The Sad Truth About GREEN LANTERN

Reports are coming in that Green Lantern will clock in with $52.7 Million as its box office gross for the weekend. While that’s pretty modest, the number begins to look pretty bleak when it’ll likely end up being the forth biggest superhero opening for the year (behind three Marvel films, as Captain America looks poised to do gangbusters.) Unfortunately the word-of-mouth for Lantern ranges from “boy that sure sucked” to “well, it wasn’t too bad,” which in today’s society is not necessarily good for a film that was a tough sell to begin with.

What’re my thoughts? Well as a die-hard film and Green Lantern fan, I think there are moments of the film that are absolutely good, sometimes great, but on the whole it’s disappointment city. The blame doesn’t fall on the cast; as for the most part they’re good (especially Ryan Reynolds and Peter Sarsgaard.) The biggest problem falls on the screenwriters, and all four had no idea what movie to make. I also fault Martin Campbell and Stuart Baird’s editing to a degree, as there are some very poor shot selections and editing in certain sequences in this thing. Also disappointing is James Newton Howard, whose soundtrack feels like it belongs in a crummy Saturday morning kids show.

But that’s Green Lantern’s biggest flaw and turn-off: it has no identity of its own. It certainly won’t sway those who are on the fence about going to the film. It wants to be a sci-fi epic, and when it is, the film is shining bright, and they were wise to use this in the marketing. I’ll even say the stuff where he’s being the Green Lantern is actually very good as well. The problems with the movie come in when you have to focus on what makes Hal a character. It’s too by the numbers, and is at war with itself whether it wants to be Iron Man or Spider-Man.

The bottom line is there’s no care that went into the handling of this property. True, Oa is represented very, very well and I applaud them for keeping most of the mythology in tact. The filmmakers seem interested in “just making a Green Lantern movie” rather than making something memorable. While Thor had a multitude of problems (some of which are the same as Lantern,) there was a genuine sense of care that Kenneth Branagh and his team brought to the property. It had an identity, and for better or worse, it connected with an audience who spread the word that it was worth seeing.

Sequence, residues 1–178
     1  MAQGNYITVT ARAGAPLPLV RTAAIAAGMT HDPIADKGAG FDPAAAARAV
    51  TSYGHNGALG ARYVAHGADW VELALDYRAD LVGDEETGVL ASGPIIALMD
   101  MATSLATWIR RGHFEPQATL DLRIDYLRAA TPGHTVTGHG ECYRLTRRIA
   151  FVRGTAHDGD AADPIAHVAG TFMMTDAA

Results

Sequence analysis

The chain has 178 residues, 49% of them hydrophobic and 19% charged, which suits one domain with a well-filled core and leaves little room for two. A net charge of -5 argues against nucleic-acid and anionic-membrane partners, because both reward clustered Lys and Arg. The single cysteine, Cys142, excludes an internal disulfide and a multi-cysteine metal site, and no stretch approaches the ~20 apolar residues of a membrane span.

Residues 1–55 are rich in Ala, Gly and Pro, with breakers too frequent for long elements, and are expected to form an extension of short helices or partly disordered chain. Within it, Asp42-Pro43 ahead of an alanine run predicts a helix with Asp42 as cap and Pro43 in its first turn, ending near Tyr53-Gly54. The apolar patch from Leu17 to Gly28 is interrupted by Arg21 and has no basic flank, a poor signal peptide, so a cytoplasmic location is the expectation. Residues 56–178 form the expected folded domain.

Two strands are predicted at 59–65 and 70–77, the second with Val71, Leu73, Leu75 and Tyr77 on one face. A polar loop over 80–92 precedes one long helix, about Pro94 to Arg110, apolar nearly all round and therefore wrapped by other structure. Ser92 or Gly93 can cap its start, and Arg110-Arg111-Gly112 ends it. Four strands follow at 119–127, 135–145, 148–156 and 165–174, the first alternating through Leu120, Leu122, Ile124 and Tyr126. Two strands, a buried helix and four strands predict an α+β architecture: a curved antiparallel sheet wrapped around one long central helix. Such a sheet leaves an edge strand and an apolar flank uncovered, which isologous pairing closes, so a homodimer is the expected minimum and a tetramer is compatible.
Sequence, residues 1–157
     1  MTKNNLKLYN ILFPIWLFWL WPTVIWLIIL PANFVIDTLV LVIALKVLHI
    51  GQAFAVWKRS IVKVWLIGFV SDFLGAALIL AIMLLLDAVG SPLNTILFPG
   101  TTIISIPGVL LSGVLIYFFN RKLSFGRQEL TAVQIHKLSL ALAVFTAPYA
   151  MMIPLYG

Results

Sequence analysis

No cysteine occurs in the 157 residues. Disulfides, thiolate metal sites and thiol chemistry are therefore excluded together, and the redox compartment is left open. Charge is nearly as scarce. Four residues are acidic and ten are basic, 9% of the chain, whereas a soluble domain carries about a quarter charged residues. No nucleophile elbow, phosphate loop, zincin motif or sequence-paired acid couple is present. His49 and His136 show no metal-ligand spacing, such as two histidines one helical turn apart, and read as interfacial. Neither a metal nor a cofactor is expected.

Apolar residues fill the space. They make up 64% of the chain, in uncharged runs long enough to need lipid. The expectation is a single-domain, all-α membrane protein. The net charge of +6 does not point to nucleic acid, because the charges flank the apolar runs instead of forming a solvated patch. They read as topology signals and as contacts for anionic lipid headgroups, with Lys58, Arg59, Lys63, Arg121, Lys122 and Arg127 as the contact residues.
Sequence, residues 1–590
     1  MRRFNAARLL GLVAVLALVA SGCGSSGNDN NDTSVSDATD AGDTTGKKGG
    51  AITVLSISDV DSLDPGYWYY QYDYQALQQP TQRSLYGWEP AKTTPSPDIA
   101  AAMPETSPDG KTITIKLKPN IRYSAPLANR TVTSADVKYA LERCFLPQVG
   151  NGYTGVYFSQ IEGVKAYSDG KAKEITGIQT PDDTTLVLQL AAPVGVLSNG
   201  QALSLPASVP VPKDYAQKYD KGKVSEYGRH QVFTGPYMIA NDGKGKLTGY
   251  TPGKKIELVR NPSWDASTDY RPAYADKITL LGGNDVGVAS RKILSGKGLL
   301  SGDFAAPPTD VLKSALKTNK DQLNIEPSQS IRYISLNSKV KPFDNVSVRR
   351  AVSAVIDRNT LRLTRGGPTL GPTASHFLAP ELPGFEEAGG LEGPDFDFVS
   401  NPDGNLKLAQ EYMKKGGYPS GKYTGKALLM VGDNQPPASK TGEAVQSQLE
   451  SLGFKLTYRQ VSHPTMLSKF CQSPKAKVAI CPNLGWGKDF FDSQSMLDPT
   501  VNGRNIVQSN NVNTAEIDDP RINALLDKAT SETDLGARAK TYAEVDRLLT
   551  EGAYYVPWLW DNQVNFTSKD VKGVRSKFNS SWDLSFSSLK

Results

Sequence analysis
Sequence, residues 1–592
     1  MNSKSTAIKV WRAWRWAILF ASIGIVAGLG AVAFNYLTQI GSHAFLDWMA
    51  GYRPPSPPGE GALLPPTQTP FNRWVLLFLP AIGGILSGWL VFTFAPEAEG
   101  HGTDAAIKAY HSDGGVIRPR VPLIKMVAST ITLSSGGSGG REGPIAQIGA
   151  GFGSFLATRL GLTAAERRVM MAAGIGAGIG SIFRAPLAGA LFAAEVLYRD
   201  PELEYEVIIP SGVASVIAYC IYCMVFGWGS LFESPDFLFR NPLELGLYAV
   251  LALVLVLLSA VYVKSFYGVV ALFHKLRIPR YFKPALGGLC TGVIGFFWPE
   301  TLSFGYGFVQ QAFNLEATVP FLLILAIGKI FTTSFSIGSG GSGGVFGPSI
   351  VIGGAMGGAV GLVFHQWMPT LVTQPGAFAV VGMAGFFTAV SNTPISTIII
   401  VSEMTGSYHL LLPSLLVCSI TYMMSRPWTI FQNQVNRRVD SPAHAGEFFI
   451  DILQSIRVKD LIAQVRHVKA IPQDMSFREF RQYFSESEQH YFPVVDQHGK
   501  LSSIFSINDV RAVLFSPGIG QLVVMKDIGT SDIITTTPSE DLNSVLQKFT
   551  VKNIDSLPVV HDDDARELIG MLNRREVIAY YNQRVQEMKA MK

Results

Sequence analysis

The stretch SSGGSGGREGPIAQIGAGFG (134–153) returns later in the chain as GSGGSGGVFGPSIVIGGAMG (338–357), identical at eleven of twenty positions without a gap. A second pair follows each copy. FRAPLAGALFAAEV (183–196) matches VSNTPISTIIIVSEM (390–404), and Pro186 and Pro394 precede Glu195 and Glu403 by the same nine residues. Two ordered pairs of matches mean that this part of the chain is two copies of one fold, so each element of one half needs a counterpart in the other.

When I saw the picture, I was with a classmate of mine who is just as die-hard about the character and mythos as I am. Both of us had on our Green Lantern shirts, and were asked by a couple when we left how the film was, as they had opted not to see it on that night. We both informed them that while there are golden nuggets spread throughout; the sum of the movie is disappointing. They thanked us, and said they’d wait for Blu-ray. We wished them well with seeing Midnight in Paris.

Look, I’m not some fanboy who was dreading a Green Lantern picture and wanted it to fail. In fact, I’d hoped to direct or at least be a grip on one. My fear now is that the film won’t have any legs at all and we won’t get a sequel that would atone for this one’s sins. There’s a lot of potential in this mythology for a tremendous science fiction story, which sadly, Martin Campbell and his team chose not to give us. Instead we’re left with a paint-by-the-numbers movie that getting very mixed to negative reactions from it’s audience.

At the end of the day, the film likely won’t cross $300M, which is what I’m sure Warner Brothers wasn’t expecting. Instead, they’ll get what they put out: a mediocre return for a mediocre film that had all the potential in the world.

Since seeing Star Wars on TV as a child Shane has been hooked on movies. In 2001 he decided to start up his own webpage dedicated to his new love DVD. Now, over 20-years later he continues to FEED YOUR HUNGER with the latest Theatrical, Blu-ray and DVD reviews.

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